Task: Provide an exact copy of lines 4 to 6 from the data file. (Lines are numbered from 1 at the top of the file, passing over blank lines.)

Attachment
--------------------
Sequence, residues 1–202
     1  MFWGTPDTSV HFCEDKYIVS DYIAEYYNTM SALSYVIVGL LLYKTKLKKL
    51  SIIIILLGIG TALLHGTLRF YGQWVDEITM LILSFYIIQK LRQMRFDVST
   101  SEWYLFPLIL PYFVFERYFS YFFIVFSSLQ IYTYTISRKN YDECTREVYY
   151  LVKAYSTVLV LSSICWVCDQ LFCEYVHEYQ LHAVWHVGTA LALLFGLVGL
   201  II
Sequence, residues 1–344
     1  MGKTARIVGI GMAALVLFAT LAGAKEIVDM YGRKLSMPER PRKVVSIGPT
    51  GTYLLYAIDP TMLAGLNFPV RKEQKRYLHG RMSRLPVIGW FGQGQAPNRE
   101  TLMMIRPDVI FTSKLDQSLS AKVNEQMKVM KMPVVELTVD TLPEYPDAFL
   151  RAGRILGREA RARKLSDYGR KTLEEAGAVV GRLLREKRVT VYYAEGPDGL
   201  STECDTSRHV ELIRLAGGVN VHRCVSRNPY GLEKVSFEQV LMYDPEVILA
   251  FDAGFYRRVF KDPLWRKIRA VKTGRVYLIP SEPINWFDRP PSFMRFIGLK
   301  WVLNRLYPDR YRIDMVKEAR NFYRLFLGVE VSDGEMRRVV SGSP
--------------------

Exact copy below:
   101  SEWYLFPLIL PYFVFERYFS YFFIVFSSLQ IYTYTISRKN YDECTREVYY
   151  LVKAYSTVLV LSSICWVCDQ LFCEYVHEYQ LHAVWHVGTA LALLFGLVGL
   201  II